"Huge," Brett Brown said of Saric's game. "I thought in that fourth period he sort of willed his way to the basket and found multiple ways to score and at big times when the game really fell in the balance."

On the opposite end of the court, Brown praised Sergio Rodriguez for his defensive efforts in the second quarter. Rodriguez was a plus-17 as the Sixers held the Bulls to just 18 points in the quarter. 

"Defensively is where we have been on him relentlessly," Brown said. "He has taken it, he has allowed us to coach him. He has improved and so we rode him out in that second period and he really set the table, I think, for the rest of the game."

And sometimes it's an unlikely player who provides that extra spark needed to defeat a team with playoff aspirations. Shawn Long, who spent most of the season in the D-League, scored a career-high 18 points along with seven rebounds in only 19 minutes off the bench. How efficient was he? Long finished a massive plus-31. 

"I think the main reason maybe is because Shawn Long, where he comes in from the bench, he gave some kind of energy. He was tough," Saric said. "I think he is the guy who brings us some changes than the game before."

The Sixers have been through the ups and downs of wins and losses in just a week. Their victory over the Bulls was a high mark in the roller coaster of results. 

"I think how teams respond is always an interesting litmus test for coaches," Brown said. "We responded in a way that I expected them to. We played well against a team that is fighting to get into the playoffs, and all over the place, we leave here proud of our guys."

Jahlil Okafor gives special treat to his high school team in return home

Jahlil Okafor gives special treat to his high school team in return home

CHICAGO -- Jahlil Okafor was not able to play in front of friends and family on Friday because of right knee soreness. He did, however, have a special evening in his hometown the previous night.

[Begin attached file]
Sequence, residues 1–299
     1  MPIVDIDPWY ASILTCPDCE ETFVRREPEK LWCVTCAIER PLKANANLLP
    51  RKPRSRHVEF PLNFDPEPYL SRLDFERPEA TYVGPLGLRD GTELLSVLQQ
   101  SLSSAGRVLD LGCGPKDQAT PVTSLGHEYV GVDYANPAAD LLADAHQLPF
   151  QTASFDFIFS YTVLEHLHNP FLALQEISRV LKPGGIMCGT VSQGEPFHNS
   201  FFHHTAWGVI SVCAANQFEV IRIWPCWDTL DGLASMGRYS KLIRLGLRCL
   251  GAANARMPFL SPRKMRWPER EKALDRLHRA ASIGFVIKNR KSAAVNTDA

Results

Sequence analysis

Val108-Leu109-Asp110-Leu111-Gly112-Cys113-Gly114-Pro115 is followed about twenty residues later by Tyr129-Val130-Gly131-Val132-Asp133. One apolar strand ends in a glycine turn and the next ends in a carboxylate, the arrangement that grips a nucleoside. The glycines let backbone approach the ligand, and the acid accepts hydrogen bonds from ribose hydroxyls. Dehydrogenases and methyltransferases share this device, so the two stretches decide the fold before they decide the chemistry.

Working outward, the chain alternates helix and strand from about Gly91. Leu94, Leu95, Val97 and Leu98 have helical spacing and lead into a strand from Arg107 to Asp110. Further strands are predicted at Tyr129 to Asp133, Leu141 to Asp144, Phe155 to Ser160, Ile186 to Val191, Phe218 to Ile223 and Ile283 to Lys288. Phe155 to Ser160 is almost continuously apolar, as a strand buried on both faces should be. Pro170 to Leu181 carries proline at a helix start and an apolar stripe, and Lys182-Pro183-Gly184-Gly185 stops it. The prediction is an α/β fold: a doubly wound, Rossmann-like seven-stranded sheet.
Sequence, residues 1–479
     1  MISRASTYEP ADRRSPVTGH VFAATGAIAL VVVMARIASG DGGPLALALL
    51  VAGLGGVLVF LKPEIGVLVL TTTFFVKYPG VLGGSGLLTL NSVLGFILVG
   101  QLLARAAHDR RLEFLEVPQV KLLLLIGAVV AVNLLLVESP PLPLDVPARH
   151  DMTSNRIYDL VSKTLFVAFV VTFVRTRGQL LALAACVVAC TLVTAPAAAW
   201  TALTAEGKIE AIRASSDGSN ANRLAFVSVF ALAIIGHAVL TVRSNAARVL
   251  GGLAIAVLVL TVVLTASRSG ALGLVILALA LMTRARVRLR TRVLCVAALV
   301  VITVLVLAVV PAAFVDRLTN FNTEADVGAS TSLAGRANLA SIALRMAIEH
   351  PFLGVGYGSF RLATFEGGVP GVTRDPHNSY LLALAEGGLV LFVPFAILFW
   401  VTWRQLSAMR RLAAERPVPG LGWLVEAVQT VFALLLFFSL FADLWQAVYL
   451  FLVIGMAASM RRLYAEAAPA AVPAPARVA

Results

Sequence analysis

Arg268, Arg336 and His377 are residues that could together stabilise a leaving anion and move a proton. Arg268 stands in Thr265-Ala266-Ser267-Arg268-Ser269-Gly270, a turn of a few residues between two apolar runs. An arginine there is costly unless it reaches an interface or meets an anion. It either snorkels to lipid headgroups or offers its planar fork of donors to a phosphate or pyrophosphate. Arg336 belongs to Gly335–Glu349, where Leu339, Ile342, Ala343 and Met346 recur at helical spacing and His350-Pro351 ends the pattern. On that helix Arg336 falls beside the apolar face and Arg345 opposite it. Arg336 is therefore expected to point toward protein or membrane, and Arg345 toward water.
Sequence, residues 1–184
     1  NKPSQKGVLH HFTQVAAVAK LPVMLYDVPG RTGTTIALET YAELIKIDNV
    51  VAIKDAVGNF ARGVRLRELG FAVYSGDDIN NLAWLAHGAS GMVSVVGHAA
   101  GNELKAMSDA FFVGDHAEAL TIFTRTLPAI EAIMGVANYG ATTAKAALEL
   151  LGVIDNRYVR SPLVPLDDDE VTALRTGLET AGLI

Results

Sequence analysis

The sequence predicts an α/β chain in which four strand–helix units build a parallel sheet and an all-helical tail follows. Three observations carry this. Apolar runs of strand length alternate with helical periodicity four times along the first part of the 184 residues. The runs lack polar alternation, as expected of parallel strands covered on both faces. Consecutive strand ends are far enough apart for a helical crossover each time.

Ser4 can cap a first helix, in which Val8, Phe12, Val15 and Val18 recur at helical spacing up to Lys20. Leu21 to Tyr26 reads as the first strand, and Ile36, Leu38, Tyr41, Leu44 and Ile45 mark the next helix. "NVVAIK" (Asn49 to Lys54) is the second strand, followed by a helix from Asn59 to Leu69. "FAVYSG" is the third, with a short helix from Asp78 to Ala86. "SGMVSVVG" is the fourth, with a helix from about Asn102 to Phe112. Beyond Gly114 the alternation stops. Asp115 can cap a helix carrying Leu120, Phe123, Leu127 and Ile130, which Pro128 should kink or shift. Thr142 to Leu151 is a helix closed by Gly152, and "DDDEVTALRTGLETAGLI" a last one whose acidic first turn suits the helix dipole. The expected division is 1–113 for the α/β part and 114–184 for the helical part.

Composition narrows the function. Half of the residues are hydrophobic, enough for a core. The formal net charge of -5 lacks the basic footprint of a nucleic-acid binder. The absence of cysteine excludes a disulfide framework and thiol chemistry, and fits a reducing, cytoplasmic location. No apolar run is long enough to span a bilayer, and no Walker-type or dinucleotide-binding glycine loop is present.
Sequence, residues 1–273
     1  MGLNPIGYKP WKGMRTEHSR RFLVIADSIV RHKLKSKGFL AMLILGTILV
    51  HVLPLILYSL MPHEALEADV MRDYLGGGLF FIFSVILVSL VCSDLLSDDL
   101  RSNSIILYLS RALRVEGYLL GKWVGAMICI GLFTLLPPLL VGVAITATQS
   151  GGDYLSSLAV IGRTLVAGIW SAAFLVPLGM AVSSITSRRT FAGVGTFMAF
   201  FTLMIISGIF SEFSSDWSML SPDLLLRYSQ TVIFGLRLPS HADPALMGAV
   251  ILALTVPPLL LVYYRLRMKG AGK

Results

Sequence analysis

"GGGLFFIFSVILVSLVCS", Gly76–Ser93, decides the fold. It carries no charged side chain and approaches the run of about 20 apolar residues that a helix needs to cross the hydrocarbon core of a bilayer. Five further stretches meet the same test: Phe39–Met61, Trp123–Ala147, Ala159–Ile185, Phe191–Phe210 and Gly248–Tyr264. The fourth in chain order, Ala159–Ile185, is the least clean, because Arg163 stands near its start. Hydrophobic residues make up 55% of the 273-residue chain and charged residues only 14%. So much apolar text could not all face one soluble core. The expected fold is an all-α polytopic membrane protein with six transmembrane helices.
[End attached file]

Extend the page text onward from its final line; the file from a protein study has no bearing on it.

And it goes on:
Okafor took the entire boys basketball team from his alma mater, Whitney Young High School, to dinner to celebrate its recent state championship. He estimates there were 35 people with him at Fogo de Chao, a Brazilian steakhouse.

"It was pretty cool," Okafor said. "Two of the guys that were on that team were guys I actually played with, they were freshmen when I was a senior. They already had one state championship (with Okafor). It was cool for me to go back and do something like that for the team."

Okafor won a 4A state title as a senior before playing one season at Duke. His career has been so fast-tracked that Okafor, 21, is only three years removed from high school. He encouraged the players to be in the moment and enjoy every game and accomplishment as they happen.

"My message is just enjoy it," Okafor said. "Just enjoy high school. To the seniors, enjoy going to college. Just enjoy it all. My process went by a lot faster than the average person, so I told them to just enjoy everything."

Okafor would have enjoyed playing Friday. He banged his knee against Victor Oladipo in Wednesday's game against the Thunder. Okafor remained in that game but experienced soreness later. Friday was his eighth game missed this season because of the injury.

"I was in discomfort but I was just thinking I didn't want to miss another game," Okafor said. "I know against Boston (on Sunday) I didn't play the second half and I didn't want that to be the same case. So I was pretty much just trying to tough it and just trying to play."

Richaun Holmes got the start in place of Okafor. He scored eight points and grabbed three rebounds in 29 minutes of the Sixers' 117-107 win over the Bulls (see Instant Replay). Backup Shawn Long had another efficient game, scoring a career-high 18 points off 8 for 10 shooting. He also pulled down seven rebounds in just over 19 minutes.